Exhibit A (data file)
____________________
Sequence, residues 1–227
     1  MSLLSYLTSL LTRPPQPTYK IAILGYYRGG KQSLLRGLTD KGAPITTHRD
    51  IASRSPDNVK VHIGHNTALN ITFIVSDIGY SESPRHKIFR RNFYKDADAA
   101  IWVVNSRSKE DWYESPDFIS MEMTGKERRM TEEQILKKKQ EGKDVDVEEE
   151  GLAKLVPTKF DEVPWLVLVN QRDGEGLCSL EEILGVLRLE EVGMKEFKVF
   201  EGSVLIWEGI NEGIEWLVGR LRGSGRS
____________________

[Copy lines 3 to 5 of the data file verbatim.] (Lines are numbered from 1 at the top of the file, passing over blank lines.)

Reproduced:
    51  IASRSPDNVK VHIGHNTALN ITFIVSDIGY SESPRHKIFR RNFYKDADAA
   101  IWVVNSRSKE DWYESPDFIS MEMTGKERRM TEEQILKKKQ EGKDVDVEEE
   151  GLAKLVPTKF DEVPWLVLVN QRDGEGLCSL EEILGVLRLE EVGMKEFKVF